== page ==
We use cookies to ensure that we give you the best experience on our website. By continuing to browse this repository, you give consent for essential cookies to be used. You can read more about our Privacy and Cookie Policy.

Durham e-Theses
You are in:

Coleridge and Satire in the 1790s

NORMAN, DANIEL,LOVELL (2020) Coleridge and Satire in the 1790s. Doctoral thesis, Durham University.

PDF - Accepted Version


This thesis examines the development of Coleridge’s attitude to satire over the 1790s, arguing that a consistent set of methods and principles may be perceived across his satirical writing. Though often dismissed as trivial jeux d’esprit intended for light relief, or partisan lampoons motivated purely by pecuniary gain, Coleridge’s satirical pieces in fact reveal a much greater degree of careful thought than might first appear. Focusing particularly on the years between 1795 and 1800, but also making reference to earlier and later writing, the thesis contends that Coleridge consistently sought to address particular concerns about contemporary satirical practice. Part One contends that these concerns drew upon eighteenth-century moral philosophy to assess the ethical consequences of the kind of ridicule and raillery that was ubiquitous in the 1790s political press. Coleridge voices a concerted critical response to the satirical work of political figures like John Thelwall, articulating his concerns in both his prose commentaries and his own satirical efforts. After establishing the importance of this early political context to the formation of his views on satire, the thesis will trace their development over the subsequent years. By 1797, where Part One ends, the rigour of his early response to contemporary satirists had begun to subside, and, during his time at the 'Morning Post' (the focus of Part Two), Coleridge increasingly accepted many of the satirical tropes and techniques he had earlier critiqued. Yet despite this gradual shift, his early views do not fade entirely from his satire. The thesis concludes by arguing that Coleridge’s encounters at the end of the decade with German literary criticism, and particularly the work of G. E. Lessing, crystallised his incipient attitude to satire into a form that would influence his writing for years to come.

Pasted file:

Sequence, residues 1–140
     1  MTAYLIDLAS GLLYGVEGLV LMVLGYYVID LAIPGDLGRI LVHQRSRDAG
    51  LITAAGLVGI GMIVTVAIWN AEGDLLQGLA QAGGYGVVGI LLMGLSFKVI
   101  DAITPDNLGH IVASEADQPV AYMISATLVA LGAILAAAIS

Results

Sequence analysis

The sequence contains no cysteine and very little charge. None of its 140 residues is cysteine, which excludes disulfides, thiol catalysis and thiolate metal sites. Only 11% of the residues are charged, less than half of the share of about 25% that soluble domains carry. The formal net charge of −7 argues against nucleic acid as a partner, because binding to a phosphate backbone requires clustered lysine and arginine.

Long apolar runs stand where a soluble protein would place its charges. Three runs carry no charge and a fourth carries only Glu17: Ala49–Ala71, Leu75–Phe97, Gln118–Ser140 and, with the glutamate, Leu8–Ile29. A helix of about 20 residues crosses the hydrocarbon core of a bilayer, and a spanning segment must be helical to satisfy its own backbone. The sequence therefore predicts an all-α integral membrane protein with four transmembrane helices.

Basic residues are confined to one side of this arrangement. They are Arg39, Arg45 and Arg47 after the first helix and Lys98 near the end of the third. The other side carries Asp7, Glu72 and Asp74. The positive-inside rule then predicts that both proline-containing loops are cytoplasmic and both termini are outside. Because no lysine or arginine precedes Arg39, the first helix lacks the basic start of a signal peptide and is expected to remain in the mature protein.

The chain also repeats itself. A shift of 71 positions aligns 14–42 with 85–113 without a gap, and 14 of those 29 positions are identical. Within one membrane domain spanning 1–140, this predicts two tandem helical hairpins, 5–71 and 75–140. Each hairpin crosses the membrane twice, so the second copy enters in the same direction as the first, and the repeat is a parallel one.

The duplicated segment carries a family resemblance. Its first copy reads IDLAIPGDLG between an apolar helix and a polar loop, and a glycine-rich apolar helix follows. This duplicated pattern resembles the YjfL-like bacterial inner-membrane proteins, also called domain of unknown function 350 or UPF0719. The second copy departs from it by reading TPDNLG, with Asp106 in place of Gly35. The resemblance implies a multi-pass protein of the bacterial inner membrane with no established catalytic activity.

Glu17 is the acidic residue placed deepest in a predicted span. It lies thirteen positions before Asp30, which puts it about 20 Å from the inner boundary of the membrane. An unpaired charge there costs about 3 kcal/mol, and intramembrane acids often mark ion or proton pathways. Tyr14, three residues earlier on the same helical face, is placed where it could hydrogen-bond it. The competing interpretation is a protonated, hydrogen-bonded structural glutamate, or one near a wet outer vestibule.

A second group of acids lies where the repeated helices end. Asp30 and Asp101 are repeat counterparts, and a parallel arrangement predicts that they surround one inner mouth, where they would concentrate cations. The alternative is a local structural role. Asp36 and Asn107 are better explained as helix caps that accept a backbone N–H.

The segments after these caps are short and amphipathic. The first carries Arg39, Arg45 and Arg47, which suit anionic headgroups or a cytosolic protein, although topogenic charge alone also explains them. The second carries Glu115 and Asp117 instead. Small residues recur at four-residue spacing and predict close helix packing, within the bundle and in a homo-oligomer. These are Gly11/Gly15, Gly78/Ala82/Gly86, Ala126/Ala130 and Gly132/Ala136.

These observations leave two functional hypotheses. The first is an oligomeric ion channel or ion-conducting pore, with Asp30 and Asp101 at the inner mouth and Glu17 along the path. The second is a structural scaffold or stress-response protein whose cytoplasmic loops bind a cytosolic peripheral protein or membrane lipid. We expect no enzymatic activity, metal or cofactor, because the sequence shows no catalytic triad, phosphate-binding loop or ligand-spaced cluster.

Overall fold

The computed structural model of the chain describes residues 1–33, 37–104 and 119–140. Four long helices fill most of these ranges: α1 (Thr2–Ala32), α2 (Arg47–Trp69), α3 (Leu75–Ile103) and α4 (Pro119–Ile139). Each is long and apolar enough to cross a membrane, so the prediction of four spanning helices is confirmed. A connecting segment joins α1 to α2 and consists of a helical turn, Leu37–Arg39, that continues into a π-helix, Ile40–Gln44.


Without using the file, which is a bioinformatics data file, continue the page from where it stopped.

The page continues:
Item Type:Thesis (Doctoral)
Award:Doctor of Philosophy
Keywords:Satire, Coleridge, 1790s, Humour, Journalism
Faculty and Department:Faculty of Arts and Humanities > English Studies, Department of
Thesis Date:2020
Copyright:Copyright of this thesis is held by the author
Deposited On:23 Nov 2020 13:10

Social bookmarking: del.icio.usConnoteaBibSonomyCiteULikeFacebookTwitter